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In today's world of instant gratification, it seems like the realm of instant music would be exploding, yet it is still a rare musician that is capable of creating a musical piece from scratch at the drop of a hat. Sure, jazz musicians improvise, and are probably the most common practitioners of the art today, but even they usually work within a given framework. New music (both good and bad) continues to come from composers, but even in my own experience, composition is not an instantaneous process and usually requires some significant time.
Perhaps one of the reasons why so few musicians improvise is that it is a difficult skill to teach. There have been several organ improvisation method books written throughout time: the 'Cours Complet' of Marcel Dupré, 'Improvising: How to Master the Art' by Gerre Hancock, or most recently 'Breaking Free' by Jeffrey Brillhart. Each of these master improviser's has provided a book chocked full of information, but each one is very different from the other. Why is that? Isn't there at least some common ground that would appear in all the improv method books?

Linear vs. Organic growth

While any beginning music theory textbook will cover the basics of note values, rests, clefs, intervals, time signatures, eventually working up to chords, forms, or even elements of counterpoint, these topics are sequenced in a linear manner. Until you understand intervals, your ability to work with chords will be severely limited. In a linear progression, certain topics simply must be covered before you arrive at other topics.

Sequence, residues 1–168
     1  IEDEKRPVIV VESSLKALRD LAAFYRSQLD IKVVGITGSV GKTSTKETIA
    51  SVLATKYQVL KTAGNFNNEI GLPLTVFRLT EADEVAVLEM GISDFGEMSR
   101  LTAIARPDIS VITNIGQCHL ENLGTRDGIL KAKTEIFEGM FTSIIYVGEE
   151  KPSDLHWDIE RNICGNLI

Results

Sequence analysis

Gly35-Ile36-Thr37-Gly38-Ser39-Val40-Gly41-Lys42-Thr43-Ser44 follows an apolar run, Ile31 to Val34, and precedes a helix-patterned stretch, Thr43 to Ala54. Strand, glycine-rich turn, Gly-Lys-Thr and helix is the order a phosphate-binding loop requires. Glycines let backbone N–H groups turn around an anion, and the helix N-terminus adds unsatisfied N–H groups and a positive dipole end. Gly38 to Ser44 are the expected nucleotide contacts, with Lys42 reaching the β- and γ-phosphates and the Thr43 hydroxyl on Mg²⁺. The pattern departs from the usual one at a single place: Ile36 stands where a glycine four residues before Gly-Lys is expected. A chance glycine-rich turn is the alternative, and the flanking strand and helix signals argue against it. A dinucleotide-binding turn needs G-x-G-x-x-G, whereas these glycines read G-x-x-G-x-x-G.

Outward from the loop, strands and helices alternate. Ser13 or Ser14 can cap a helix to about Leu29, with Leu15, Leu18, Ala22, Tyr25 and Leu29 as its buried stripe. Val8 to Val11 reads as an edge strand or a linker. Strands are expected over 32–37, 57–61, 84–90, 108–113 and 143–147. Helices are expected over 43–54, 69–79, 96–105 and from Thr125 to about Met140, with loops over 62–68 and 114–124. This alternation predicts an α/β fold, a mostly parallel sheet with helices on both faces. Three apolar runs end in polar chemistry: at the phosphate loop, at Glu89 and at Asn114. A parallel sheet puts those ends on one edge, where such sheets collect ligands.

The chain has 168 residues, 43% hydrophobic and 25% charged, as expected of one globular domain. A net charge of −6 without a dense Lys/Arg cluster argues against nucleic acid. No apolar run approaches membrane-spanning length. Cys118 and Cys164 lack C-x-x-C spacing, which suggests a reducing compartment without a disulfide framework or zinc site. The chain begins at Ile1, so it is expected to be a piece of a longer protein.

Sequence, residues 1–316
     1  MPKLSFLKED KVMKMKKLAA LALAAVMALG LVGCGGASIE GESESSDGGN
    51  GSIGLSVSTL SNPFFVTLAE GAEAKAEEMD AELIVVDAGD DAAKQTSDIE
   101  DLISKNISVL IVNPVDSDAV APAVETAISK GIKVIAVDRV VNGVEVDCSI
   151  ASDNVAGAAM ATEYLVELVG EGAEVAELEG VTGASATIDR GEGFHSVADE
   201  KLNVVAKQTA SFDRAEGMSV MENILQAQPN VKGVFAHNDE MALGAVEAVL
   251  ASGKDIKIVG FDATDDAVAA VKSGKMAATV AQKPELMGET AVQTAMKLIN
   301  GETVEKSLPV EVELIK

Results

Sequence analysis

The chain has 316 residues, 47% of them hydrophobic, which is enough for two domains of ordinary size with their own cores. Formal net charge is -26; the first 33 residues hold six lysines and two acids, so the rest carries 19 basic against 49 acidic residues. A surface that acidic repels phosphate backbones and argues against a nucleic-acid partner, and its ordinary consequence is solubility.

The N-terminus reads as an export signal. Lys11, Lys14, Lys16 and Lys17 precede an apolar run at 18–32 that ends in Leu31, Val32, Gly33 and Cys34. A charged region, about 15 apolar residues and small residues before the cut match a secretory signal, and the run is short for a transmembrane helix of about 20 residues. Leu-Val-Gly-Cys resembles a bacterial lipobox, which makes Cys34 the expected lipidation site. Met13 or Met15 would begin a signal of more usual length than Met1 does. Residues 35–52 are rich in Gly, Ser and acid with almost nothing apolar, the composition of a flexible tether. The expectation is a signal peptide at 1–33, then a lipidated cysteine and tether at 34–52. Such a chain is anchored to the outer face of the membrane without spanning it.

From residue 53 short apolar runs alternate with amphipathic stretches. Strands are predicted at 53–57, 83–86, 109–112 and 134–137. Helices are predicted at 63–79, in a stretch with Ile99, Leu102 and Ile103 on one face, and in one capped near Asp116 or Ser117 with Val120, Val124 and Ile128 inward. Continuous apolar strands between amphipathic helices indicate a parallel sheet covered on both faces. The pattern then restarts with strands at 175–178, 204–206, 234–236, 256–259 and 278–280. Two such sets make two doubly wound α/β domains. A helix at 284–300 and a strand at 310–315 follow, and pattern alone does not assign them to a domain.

Improvisation is a much more organic growth process where any number of areas can be worked with regardless of the skill level in other areas. Regardless of a student's harmonic language, it is possible to practice different formal structures. Likewise, given a formal structure, it is possible to work on the student's harmonic language. Because there is no linear structure required for the study of improvisation, there are as many different approaches as there are teachers (and students).

Do you improvise? Are you interested in learning to improvise or improving your improvisation skills? If there is sufficient interest, I'd be willing to offer a class to share some of the tips and techniques I've learned from the various teachers I've worked with. Once I can get the video cameras rolling, I'll probably put up a few video lessons on youtube. What would you like to see? Maybe one day, I might even write my own method book!
Wishing you all the best,
Wm. Glenn Osborne

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